Brandon is a Ruby Architect at Square working on the Frameworks team, defining standards for Ruby across the company. He's an artist who turned programmer who had a crazy idea to teach programming with cartoon lemurs and whimsy.View the profile
About the talk
RailsConf 2019 - The Action Cable Symphony - An Illustrated Musical Adventure by Brandon Weaver
Do you want to know what ActionCable is and how it works, but don't want to build another chat application to learn it? Well buckle up, because we've got a treat for you. You're going to learn with lemurs and classical music.
The ActionCable Symphony is an illustrated and musical talk that will explore how websockets work by using classical music. We'll be using select audience member phones to play it. Learn about ActionCable, websockets, latency concerns, client interfaces, JWT authentication, and more in this once-in-a-lifetime experience.
You haven't lived until you've experienced lemurs playing a symphony orchestra on your phone using Rails.
our story today starts with read the Beamer and his master Scarlett's like what? Started yet. The orchestra is all here in. Who has is ready to conduct? Isn't she why yes read. I believe she is then why aren't we playing because we have a new conductor joining us today where I don't see him. They're out there out there. There's some very interesting looking beavers. Do you think they can play instruments to I'm sure they'll do magnificently. Who is everyone? We're about ready to start here. So if you haven't already let's go
ahead and join in at Symphony. Dev UC Symphony with a Y with taking but I kind of like this better. I'm surprised I got that one honestly, but I can complain I like it actually better. We'll go ahead and get you all there. Give that a second. All right, I should turn on the volume on here. Otherwise, that's not going to do anything is it? Okay, then let's go ahead and have our fun real quick. Okay. And then we're going to hope this works. I have some reasonable amount of confidence because I've cheated I'm not going to say how but I have cheated.
Oh, no, no no, come on. Conference Wi-Fi is fun. We will Endeavour though. So a little bit about what the stock is while this is going on. I submitted this crazy idea to Wales, because I had this dream of conducting a symphony orchestra. This isn't exactly what I had in mind, but it does work. So we're going to see if we can manage to make that happen now, it looks like we're about halfway loaded, on. Which is why we have is today Saint worst case. I'm just not switch over to localhost to make it from there.
I don't want to but we will see come on. You see this is why you're very cautious about doing things through Wi-Fi. Which is why we're going to switch over to look lost. Well, I have a 109 of you are ready. I'm not sure about the rest of them. Come on, you can do it. What's latency. Anyway, wow, how do you do that? Brian's right? Nevermind? I'm using Android. If I explain a few other things we're going to go ahead and cheap and go to local version this.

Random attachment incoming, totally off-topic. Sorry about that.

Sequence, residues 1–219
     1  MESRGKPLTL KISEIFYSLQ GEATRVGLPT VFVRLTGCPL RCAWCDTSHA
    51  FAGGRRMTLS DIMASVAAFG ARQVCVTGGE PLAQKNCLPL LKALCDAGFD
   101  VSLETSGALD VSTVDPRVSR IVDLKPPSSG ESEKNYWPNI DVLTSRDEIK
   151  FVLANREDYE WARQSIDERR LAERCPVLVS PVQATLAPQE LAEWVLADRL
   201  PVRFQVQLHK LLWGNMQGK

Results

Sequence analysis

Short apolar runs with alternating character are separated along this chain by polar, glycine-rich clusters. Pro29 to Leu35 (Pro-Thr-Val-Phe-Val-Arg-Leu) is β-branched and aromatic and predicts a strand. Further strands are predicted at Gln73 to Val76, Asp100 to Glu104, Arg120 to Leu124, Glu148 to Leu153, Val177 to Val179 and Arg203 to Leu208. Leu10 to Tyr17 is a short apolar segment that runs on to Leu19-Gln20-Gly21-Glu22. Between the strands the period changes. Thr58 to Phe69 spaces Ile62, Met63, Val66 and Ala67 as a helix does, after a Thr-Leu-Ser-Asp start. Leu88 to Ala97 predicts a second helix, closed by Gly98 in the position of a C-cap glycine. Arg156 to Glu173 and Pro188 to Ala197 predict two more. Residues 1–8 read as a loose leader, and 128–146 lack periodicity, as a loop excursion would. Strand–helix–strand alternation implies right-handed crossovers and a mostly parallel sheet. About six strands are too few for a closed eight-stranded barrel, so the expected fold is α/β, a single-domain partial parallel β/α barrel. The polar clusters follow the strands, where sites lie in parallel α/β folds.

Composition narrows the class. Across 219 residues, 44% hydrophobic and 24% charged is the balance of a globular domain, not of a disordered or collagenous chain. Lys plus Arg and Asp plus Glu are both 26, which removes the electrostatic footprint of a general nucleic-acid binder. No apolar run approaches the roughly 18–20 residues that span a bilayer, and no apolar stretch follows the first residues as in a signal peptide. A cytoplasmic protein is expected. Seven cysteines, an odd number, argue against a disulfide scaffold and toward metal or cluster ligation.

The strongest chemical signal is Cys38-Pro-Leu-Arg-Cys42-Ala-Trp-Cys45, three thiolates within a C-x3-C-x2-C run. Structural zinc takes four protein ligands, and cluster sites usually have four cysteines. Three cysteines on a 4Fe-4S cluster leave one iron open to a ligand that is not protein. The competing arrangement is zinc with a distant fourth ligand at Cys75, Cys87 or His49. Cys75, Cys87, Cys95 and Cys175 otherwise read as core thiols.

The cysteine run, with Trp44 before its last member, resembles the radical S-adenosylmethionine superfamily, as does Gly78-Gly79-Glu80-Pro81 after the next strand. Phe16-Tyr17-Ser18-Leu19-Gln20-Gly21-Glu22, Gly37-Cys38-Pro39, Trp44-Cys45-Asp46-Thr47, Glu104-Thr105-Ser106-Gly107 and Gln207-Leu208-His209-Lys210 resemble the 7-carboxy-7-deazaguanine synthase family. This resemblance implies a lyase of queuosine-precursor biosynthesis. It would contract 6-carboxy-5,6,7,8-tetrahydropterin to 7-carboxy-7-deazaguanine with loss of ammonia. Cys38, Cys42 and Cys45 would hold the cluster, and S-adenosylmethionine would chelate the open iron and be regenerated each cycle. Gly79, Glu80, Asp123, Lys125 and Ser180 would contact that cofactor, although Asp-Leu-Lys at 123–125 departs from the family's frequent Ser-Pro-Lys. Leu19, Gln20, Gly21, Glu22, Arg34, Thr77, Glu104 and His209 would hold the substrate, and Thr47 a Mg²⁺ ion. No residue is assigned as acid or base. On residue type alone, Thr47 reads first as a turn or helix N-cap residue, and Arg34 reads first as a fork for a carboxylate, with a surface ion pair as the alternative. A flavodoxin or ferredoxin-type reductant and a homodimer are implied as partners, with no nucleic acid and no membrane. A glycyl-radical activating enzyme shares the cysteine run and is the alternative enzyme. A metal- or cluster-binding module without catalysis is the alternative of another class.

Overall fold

Oh, yes, you can see exactly what's going on over there. You can also see it's stuck loading. So unfortunately, I'm going to have to deal with this with smaller audiences later. But to give the experience. Anyways, we're going to go ahead and See here. run this run this this guy you see a hundred twenty-nine already. I'm not sure about those last few that actually work. I saw a few more populate there. That will just go ahead and run this off of here.
Because it starts to workout websockets, and it does technically count. Okay, that buffers like 5 Seconds. Do it does work locally. I promise that much. This is why we have contingency plans ladies and gentleman. Okay that we're going to try this again. Of course because my phone locked now, I can't play it. Oh, you're no fun. Okay. Well that's not going to work because my phone unlocked and now it doesn't know about the ready state that the prom with websockets your phone happens to lock bad things happen. We tried we failed we
Endeavor we move on. Welcome to the axon cable Symphony. So who am I that's up in front of you in a Beethoven looking wig and a tuxedo on first of all, it sounded fun. So I did it. Second of all, I used to be an artist named musician and I ended up becoming a programmer through a series of very unfortunate accidents. It started all with someone saying you should try web development. What development is a lot of fun. It's going to be great. Okay, so I get information and
then someone said the horrific words I should have said no to which were how about a back end? And that's how I became a developer and operations person several other things and currently I'm doing that over here. It's Square where I'm in charge of the architecture across the company and setting standards defining things and a lot of things. I'm still learning about quite honestly, but that's enough about that. So what exactly was that that you just witnessed?